This idée fixe around final form also appears to include exploring short cuts or nifty choreographical bypasses where the aim is to get into the posture by whatever means we can. This is not what or how Krishnamacharya and Desikachar taught in that the Vinyāsa Krama also determined if the student was prepared and physically competent for these more extreme physical forms.
Freedom of or in movement is a useful pursuit and obviously an asset in the world of homo-sedens that abounds these days.
However movement according to the principles inherent in Hatha Yoga has another role other than freedom of movement as an end in itself.
Thus in terms of Haṭha Yoga the role of freedom in movement is a useful tool but not the goal that seems to dominate Āsana classes within Modern Postural Yoga.
Of course freedom in movement is obviously a support in allowing us to apply the principles of Hatha Āsana practice, but not the end in itself it seems to have become.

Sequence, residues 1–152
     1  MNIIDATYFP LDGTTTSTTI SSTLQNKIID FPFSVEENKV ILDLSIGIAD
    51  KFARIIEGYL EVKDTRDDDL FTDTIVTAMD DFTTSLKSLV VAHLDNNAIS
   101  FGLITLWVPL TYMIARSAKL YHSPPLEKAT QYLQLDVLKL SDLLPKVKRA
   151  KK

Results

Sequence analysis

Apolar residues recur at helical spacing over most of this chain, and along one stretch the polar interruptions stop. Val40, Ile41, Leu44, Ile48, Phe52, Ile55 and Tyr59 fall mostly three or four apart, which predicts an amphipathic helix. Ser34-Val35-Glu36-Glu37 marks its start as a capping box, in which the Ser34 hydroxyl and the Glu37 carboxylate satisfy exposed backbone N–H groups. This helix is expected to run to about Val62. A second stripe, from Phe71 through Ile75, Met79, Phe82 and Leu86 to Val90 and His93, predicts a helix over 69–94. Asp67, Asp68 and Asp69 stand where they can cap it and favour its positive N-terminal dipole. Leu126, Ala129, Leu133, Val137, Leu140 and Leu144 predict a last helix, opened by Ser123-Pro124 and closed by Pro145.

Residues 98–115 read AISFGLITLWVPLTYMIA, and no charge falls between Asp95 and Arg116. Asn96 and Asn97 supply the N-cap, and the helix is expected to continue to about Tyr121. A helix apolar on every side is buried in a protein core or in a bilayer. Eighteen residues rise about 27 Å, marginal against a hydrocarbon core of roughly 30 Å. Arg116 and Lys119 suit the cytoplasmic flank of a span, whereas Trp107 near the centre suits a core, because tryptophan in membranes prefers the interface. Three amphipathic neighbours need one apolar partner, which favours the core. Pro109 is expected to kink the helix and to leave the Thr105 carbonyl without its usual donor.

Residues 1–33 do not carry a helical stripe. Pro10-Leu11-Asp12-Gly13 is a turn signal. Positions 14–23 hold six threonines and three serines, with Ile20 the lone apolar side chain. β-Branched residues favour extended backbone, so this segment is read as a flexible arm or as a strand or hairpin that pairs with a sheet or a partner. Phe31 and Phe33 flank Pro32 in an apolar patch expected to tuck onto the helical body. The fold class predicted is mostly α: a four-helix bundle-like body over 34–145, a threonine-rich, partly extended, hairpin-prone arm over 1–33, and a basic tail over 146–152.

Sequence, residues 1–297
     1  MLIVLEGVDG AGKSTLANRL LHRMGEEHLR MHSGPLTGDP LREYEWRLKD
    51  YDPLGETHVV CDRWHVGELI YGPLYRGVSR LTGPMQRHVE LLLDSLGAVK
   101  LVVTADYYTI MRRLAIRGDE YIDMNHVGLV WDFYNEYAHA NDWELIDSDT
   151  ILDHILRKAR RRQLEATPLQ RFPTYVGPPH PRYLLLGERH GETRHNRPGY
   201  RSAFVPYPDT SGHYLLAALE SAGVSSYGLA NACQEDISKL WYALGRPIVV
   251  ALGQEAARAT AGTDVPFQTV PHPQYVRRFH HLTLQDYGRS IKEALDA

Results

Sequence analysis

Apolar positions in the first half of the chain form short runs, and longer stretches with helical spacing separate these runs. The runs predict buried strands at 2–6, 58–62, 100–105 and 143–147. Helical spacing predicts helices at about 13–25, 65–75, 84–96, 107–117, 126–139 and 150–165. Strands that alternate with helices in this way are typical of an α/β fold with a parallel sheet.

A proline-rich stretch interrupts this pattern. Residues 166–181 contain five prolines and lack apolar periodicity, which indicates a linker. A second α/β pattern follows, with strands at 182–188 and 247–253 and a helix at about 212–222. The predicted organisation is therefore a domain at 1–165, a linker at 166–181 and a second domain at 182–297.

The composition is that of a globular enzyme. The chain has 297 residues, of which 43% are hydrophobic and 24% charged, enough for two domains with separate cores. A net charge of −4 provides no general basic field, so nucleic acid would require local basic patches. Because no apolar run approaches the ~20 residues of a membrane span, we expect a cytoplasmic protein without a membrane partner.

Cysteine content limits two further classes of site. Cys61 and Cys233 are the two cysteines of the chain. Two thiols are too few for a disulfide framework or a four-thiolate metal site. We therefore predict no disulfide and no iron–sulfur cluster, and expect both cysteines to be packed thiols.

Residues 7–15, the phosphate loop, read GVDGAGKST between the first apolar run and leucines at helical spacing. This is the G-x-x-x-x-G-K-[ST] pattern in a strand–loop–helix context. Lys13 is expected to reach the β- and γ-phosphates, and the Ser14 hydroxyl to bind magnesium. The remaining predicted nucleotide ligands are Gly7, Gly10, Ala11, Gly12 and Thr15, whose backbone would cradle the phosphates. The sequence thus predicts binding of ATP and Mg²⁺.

For example it can help with facilitating an exploration of the energetic processes that define, guide and differentiate Hatha Yoga from movement forms such as exercise, fitness, dance, etc.
Yet it seems to be that on the way to the goals of Haṭha Yoga and its relationship to Rāja Yoga, we are being sidetracked by the goals within the myriad of movement forms that proliferate or even pose (‘xcuse pun) as Āsana practice today.
The viniyoga of Planning Principles Series Post 5
Vinyāsa Krama – Intelligent sequence building within Āsana, Mudrā and Prāṇāyāma
Specific Areas within Āsana, Mudrā and Prāṇāyāma practice to consider when planning:
1. Consider the overall purpose of practice (short/long term as appropriate)
- Be clear about the goal and don’t try to reach too many goals in same practice
- Keep the practice short and simple in intention and execution
- Consider time of day and season both inside and out
- Consider the accumulative effect of Āsana and Pratikriyāsana, in any one practice, and over time if being practiced regularly
- Consider psychological, physiological and energetic aspects of practice.
- Energetically we seek to expand, open upper part of the body, above diaphragm and close, reduce lower part of the body below the diaphragm